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Blink. I am no expert, but I have only been playing for a couple of years, so that experience is fresh in my mind. It is easier to play a note like C# with all the keys open than it is to play the same note an octave lower because all the keys are closed. In the first instance you are 'filling' only the neck and a couple of inches of the saxophone tube. In the second you are having to 'fill' the whole tube, especially with Bb. It requires a little time and practice to play that low at first. You will need to make subtle changes to your embouchure and play from the diaphragm. Relaxing the throat helps too.

I hope this is clear.

I would also highly recommend finding a teacher too.
 

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I'm repeating myself, but for problems with low tones, you should really try out the exercises Phil Barone explained in the section "tone production". They did the trick for me.
 

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Thanks guys, been working on embouchre on long drives - just the mouthpiece, buzzing scales & long notes. After about two weeks of this, went back to the sax and the difference ie improvement is amazing. Also the palm/side keys on my tenor stand quite proud and the slightest accidental touch opens a hole somewhere and ruins everything!! So being really conscious of this too, really helps matters, cos I think this was causing the splits.:)
 

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Yes the low notes can be a problem if you're not used to it but they shouldn't be that hard to play. I would seriously take your horn to a repair tech and get it checked out - it might not be your embouchure at all...and its amazing how much easier it is to play after a service.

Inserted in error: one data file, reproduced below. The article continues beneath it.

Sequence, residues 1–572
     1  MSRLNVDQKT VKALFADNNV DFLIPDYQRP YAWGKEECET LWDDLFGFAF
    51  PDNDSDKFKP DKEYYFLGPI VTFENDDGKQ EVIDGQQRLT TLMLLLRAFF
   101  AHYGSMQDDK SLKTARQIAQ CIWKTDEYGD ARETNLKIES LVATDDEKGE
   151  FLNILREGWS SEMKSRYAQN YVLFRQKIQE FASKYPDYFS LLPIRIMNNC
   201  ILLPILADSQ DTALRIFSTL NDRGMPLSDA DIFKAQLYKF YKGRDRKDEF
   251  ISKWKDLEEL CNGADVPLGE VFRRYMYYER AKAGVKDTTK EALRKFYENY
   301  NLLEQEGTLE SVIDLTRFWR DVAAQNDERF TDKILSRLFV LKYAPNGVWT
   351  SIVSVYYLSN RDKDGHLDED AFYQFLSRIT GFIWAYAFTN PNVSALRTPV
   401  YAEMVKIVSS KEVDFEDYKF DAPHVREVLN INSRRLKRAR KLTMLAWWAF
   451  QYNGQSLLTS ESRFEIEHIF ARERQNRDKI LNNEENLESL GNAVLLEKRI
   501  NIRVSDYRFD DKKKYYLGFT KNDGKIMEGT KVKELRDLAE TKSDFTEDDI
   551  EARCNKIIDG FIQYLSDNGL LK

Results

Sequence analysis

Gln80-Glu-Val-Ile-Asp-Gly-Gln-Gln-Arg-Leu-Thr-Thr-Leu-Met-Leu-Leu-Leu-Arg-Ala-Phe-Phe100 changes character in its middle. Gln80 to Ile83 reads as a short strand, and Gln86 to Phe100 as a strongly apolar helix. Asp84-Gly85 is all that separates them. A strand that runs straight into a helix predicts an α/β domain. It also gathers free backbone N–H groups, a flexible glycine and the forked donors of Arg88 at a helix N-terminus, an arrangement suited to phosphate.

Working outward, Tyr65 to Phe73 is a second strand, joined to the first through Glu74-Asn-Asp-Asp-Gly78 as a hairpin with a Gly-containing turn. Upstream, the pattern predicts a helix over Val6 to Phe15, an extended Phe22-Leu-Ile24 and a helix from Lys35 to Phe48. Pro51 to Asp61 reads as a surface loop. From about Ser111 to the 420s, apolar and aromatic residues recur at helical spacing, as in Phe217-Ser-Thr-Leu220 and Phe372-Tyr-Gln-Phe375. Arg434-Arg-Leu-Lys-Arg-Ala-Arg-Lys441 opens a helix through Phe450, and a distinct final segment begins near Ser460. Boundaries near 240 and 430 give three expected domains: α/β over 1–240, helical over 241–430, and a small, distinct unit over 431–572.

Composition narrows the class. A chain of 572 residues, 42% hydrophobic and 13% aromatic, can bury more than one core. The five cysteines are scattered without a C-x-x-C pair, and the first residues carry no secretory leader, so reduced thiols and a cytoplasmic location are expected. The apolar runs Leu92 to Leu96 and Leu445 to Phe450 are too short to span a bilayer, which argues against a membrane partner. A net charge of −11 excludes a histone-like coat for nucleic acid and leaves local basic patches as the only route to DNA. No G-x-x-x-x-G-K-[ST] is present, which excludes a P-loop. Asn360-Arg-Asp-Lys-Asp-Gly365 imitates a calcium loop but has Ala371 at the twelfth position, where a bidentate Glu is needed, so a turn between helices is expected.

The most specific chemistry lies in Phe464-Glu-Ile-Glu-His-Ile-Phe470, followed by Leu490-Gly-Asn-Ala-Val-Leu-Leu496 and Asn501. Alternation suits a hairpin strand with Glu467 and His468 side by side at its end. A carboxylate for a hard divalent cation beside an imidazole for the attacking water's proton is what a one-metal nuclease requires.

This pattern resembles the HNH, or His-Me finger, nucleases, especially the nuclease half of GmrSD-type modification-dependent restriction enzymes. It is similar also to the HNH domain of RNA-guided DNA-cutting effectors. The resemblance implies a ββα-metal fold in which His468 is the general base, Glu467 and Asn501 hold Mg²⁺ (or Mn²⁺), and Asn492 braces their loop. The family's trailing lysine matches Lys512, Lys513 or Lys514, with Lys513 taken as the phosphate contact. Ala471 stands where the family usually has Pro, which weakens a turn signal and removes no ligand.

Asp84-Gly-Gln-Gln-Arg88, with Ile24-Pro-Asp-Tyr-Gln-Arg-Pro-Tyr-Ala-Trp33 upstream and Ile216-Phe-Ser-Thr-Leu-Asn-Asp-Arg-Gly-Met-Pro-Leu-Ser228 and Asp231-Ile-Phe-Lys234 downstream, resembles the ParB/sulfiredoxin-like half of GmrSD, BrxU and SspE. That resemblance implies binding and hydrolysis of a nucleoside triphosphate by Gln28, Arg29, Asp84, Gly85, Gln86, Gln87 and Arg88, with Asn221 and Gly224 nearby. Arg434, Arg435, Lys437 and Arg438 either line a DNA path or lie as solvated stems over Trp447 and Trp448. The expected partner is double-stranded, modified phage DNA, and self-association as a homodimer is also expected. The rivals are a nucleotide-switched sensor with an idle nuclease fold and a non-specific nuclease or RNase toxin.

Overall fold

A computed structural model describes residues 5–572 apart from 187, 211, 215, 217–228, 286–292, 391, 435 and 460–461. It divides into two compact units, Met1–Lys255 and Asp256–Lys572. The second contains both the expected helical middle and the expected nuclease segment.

Speaking from my own experience I didn't get on well at all for the first 4 or 5 years of playing because my sax was so badly setup, but once it was sorted I loved it !
 

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Here's something to look for when D gurgles, yet the notes below it are playable. I recently got an alto that did this, and it was due to the right side key 2 (RSK2) blowing open. It had a weak spring and there must have been a node right at the tone hole when blowing D.
 

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Just starting tenor myself and had trouble with everything below D. I put in my leak light and found some leaks, did some adjustments and changed out a few pads. I still had trouble but the warrbling sound was gone. D comes out just fine but I have found I have to open my throat more to get the notes below D to come out nice and clean.
 

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Howdy!
I was wondering if you were still having problems, or if you've been able to fix them.
I had this same problem when I first started playing, however, my issues was that I'd never played sax before. I picked it up after playing clarinet for 8 years. I'm going to assume that by now you've checked for leaks, and had them fixed. If not, definitely have that looked at. If fixing leaks didn't solve your problem, it could possibly be an embouchure problem. You may be too tight, or too loose. Lower notes on the tenor require a steady mouth, and a solid stream of air. It's also possible you aren't putting enough air through the horn. If you've tried all that, and still can't figure it out, I would suggest consulting somebody who plays. For me, it was a friend of mine who graduated the year before. He was able to spend a little time with me, and give me a few pointers.
I hope this helps you out at least a little bit. If you have any questions or comments, please feel free to contact me!
~Kit
 

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Discussion Starter #17
hey, thanks for all your input guys, i totally forgot about this thread and i know its been months since i had posted it. but i did eventually get the lower notes with practice and getting my embouchure back. to be honest i haven't played in a while because of my guitar and piano class leaving me no time this semester, but the semester is over tomorrow and i plan on picking up the sax again but thanks for all your help! =)